I’m not prone to grammar and punctuation policing, mostly because I’d be throwing stones from my glass house. But, a recent visit to a Pennsylvania diner got me thinking about commas and the like.
Scanning the menu, “Bacon Sausage” caught my eye! I wondered what bacon sausage was? It sounded awesome! Then I realized that the anticipated awesomeness that I was about to order was the result of a missing comma. Bummer.
In the diner’s defense, I get what they were trying to say, and they may have even discussed this when putting the menu together. How does one clearly separate groups of choices?
What they really want to say is, “You get two eggs and toast no matter what. Then you can add to that either bacon, sausage, or ham. And we’ll also give you either hash browns or home fries.”
But as it was listed, it looked like I could choose this thing call “Bacon Sausage”… which seriously had me intrigued. Also, it wasn’t clear if you only got toast if you chose hash browns. After looking at the other menu options, I guessed you’d always get the toast , but this was way too much work early in the morning to put the puzzle together.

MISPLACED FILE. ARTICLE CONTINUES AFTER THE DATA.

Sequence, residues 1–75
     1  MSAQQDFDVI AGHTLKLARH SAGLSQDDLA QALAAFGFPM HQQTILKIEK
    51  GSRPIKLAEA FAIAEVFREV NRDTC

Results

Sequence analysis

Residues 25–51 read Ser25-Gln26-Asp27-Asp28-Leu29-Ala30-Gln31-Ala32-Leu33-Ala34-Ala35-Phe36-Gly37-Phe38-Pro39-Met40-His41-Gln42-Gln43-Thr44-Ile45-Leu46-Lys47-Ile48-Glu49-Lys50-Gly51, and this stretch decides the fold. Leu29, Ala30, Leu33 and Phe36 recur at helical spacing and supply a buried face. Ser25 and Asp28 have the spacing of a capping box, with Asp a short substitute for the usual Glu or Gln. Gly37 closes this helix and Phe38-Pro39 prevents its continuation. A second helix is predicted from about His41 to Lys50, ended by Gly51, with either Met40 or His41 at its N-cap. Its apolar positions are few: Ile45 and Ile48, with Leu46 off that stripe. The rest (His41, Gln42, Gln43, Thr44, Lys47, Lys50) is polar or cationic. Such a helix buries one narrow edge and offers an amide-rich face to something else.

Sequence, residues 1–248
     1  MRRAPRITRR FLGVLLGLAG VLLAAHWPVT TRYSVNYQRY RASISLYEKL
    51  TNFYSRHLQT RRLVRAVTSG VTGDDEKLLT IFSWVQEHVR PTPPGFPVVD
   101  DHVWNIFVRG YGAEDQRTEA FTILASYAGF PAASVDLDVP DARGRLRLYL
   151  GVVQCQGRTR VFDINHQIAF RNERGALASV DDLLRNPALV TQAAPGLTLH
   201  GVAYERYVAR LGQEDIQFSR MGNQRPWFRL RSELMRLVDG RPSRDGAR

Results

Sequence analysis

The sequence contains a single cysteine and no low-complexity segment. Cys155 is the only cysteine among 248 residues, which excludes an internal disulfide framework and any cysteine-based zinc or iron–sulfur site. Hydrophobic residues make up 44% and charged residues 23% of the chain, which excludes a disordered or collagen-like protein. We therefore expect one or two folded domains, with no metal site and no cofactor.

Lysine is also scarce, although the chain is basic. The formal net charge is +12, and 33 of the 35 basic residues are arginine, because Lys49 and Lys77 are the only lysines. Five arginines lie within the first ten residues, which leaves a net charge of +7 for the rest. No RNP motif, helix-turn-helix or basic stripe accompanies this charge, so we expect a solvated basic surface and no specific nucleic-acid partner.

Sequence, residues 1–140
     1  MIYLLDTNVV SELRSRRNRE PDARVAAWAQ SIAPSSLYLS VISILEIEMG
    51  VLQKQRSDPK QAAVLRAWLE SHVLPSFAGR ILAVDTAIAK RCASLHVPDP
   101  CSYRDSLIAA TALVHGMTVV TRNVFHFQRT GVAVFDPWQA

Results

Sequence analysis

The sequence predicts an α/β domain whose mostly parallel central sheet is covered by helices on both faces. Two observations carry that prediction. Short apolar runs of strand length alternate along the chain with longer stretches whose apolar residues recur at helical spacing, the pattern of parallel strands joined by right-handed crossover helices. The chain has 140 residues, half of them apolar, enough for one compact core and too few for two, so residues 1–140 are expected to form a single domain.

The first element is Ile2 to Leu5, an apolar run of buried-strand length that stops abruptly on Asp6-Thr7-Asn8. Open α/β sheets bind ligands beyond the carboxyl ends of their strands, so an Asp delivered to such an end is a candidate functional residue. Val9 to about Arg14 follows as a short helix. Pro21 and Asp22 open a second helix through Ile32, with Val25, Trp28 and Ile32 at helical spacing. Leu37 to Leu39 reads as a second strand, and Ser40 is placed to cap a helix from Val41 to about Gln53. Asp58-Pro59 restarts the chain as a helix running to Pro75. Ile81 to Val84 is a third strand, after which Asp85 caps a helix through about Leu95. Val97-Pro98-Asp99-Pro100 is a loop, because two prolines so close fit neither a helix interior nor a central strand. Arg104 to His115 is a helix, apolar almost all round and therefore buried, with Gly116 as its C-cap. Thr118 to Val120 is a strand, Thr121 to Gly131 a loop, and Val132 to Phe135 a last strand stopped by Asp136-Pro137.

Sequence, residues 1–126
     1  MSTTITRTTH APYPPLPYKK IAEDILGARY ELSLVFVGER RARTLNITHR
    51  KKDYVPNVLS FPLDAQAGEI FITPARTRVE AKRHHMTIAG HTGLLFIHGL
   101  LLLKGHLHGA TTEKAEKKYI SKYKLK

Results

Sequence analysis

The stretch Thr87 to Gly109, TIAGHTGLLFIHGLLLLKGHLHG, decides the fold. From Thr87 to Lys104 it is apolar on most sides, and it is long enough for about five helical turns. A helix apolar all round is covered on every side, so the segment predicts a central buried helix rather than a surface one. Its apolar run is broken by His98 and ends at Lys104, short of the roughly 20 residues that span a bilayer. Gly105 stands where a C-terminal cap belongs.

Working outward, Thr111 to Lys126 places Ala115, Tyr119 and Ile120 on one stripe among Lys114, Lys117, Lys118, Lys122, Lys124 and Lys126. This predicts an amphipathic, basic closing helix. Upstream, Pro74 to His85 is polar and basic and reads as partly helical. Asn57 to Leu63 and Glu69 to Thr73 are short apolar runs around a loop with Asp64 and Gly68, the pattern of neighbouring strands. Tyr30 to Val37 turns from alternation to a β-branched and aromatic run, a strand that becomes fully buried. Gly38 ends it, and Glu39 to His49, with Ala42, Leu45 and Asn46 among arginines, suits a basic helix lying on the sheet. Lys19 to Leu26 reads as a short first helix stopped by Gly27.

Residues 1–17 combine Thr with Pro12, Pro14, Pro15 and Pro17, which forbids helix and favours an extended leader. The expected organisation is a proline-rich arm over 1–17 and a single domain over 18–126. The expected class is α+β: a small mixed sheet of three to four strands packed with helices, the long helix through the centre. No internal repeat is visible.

You could add the extra commas, but then it would get really confusing:
Two Eggs, Bacon, Sausage, or Ham, Home Fries or Hash Browns, and Toast
The computer programmer in me would go right to parenthesis:
twoEggs && (bacon || sausage || ham) && (homeFries || hashBrowns) && toast
I suppose semicolons would be the answer (although I’m not sure that’s even technically grammatically correct).
Two Eggs; Bacon, Sausage or Ham; Home Fries or Hash Browns; Toast
It would probably be best to throw in an Oxford comma after the sausage to be clear that you don’t get “bacon” and “sausage OR ham”:
Two Eggs; Bacon, Sausage, or Ham; Home Fries or Hash Browns; Toast
There. That looks pretty good. And that’s fine and all, but what I really want is that thing called bacon sausage!